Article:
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How Could Judas Betray Him?

Judas Iscariot was close to Jesus physically. He heard the Lord teach. He saw Him walk on water. He travelled with Jesus and ate with Him. He was only inches away from God in the flesh, but his heart was far from Him.

Jesus knew from the beginning that Judas would betray Him (John 6:64). “Did not I choose you, the twelve, and one of you is a devil?” (John 6:64). Judas knew that the Lord had him figured. How could he not have known? Jesus identified him on that fateful night when He handed him a piece of bread and said, “What you do, do quickly” (John 13:27).

No matter how close Jesus was to Judas’ body, He could not get close to his heart. That was a choice only Judas could make. He was near the Lord yet far from Him.

How Judas could be so close to the Lord and turn against Him puzzles us. We know he had free will, but we have trouble imagining what went through his mind. Still, there are lessons we can learn from what the traitor to our Lord did.

In our families we experience the most intimate of earthly bonds. Husbands and wives share a physical and emotional closeness unlike any other relationship. But sometimes one is a Christian and the other is not (I Pet. 3:1-2; I Cor. 7:12-13). If Judas could be around the Lord Himself and yet not agree with Him, it should not surprise us when this happens in homes today.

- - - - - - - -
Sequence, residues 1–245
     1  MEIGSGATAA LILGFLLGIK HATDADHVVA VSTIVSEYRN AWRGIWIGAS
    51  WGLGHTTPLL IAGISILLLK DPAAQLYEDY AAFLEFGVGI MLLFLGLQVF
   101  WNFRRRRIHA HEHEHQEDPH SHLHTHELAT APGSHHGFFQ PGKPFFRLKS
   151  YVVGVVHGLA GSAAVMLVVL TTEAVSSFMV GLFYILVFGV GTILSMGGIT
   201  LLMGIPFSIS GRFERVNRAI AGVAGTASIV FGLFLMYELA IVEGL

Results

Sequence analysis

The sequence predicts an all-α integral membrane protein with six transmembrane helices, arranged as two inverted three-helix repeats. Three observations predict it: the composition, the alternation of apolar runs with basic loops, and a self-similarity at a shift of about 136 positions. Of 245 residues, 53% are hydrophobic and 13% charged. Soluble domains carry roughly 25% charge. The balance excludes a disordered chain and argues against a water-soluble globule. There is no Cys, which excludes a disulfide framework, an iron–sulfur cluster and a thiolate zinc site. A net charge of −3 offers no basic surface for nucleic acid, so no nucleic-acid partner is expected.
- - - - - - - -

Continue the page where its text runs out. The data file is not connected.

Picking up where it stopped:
A mother carries her child for nine months inside her. How could two people be closer? Sometimes the child has a close relationship with her throughout life. But that child may grow up and rebel against her and the Lord. When this happens to Christian parents, it doesn’t matter if that son or daughter is a step away or a thousand miles away. It is true that if that child is present you can have more of an influence. But in either case that grown child has free will, and there is only so much influence you can have regardless of how close you are or how much time you spend together.

In other situations, it is good that we can be near others in body and yet be distant in mind. In crowded places we never know who is sitting or standing next to us—thieves, drug dealers, pedophiles or murderers. At other times we know the people around us are bad but we can’t avoid being near them because of work and other situations. In either case we don’t have to act like they do. We can choose not to think and talk as they do.

This is no excuse to be careless in our associations with others. Solomon wrote, “He who walks with wise men will be wise, but the companion of fools will be destroyed” (Prov. 13:20). What is the difference between just being around bad people and hanging out with them? It is a matter of choice. Choosing the wrong friends is not simply being in the same room with them. It’s being close to them in spirit and wanting to be with them. It’s a matter of the heart.

No matter where you are or what circumstance you are in, you can draw near to God. Paul said, “He is not far from each one of us” (Acts 17:27). He said that to a group of idolators! How much more is this true of Christians? “Draw near to God and He will draw near to you” (James 4:8).

We sometimes wonder what it was like for the apostles to see and hear and even touch Jesus. But we can be just as close to Him in spirit if we choose to be.

Kerry

West End church of Christ bulletin, March 10, 2024

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